Wilt Chamberlain was one of the most prolific scorers in NBA history. He once scored 100 points in a single game — a milestone that may never be broken. Given his reputation as a monster scorer, some speculate on how he would fare in a different era. Chamberlain himself shared a forecast, and he was pretty confident he would do well.
Wilt Chamberlain playing in the late 90s
In 1997, when Chamberlain was about 60 years old, he sat down with Ahmad Rashad and Bill Russell. The three conversed about anything and everything about basketball. Inevitably, they entertained the thought of what it would be like if Chamberlain played in the late 90s.
“I could get maybe 30 right now, big fella. I’m trying to tell you that. But at 30, I could probably average 60 or 70. Period. The game would best suit me,” Chamberlain said.
This was not a wild exaggeration by Chamberlain. In the 1961-62 NBA season, he averaged 50.4 points per game for the Philadelphia Warriors (now the Golden State Warriors). In the following season, he averaged 44.8 points per game.
In the 90s, big men like Hakeem Olajuwon, Shaquille O’Neal, David Robinson, and Patrick Ewing were at the center of their team’s offense. Chamberlain knew, that if he played under a much more sophisticated offensive playbook, then he would’ve wreaked greater havoc on his foes.
Ultimately, we’ll never know how Chamberlain would’ve fared in the 90s or even today. What we could do is guess what type of player he’ll be or whether he’ll fit in today’s modern brand of basketball.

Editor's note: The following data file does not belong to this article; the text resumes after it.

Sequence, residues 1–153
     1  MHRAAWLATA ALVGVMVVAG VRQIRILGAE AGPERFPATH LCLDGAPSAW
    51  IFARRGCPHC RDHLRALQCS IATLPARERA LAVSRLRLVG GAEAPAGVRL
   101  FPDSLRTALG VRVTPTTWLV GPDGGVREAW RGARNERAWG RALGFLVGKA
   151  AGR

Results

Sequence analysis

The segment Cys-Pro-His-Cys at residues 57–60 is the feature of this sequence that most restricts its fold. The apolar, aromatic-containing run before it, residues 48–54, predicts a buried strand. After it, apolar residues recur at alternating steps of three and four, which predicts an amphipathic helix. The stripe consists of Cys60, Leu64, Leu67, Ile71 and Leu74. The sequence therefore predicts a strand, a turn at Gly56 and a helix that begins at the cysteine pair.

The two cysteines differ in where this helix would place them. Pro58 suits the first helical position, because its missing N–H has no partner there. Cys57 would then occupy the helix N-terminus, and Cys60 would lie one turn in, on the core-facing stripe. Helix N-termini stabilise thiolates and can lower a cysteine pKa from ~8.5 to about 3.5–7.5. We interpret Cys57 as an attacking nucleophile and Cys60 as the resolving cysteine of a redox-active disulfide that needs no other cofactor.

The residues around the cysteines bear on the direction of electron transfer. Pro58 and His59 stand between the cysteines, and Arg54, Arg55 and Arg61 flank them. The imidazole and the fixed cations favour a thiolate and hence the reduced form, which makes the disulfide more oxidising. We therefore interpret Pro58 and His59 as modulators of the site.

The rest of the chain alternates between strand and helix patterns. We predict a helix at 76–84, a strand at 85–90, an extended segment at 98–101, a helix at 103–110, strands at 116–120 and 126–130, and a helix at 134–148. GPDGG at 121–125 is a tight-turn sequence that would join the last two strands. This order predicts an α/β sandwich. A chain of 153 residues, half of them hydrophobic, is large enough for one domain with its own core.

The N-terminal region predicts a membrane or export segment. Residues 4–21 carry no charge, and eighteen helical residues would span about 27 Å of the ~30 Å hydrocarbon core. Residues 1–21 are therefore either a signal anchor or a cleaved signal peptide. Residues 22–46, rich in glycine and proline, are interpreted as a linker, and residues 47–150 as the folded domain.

Video clips suggest that he wasn’t your typical big man who was hefty and immobile. There were times when he was seemingly tempted to bring the ball up himself. It’s easy to imagine Chamberlain playing like Giannis Antetokounmpo.
While he’s most known for putting the ball in the basket, clips and stats reveal that he was an excellent passer as well. In fact, Wilt the Stilt averaged as many as 8.6 assists in his career. Such skills and stats remind us of someone like Nikola Jokic, now known as the best passing center in NBA history.
Finally, there’s this assumption that Chamberlain just bullied his way to the ring. Some assume that he just used his size and strength to drop 50 points on his opponents’ heads with ease. But the reality is, Wilt was armed with a fadeaway shot from the post. This was the offensive tool he utilized the most. The man had a soft and educated stroke behind that muscular facade - a lethal combination in any basketball era.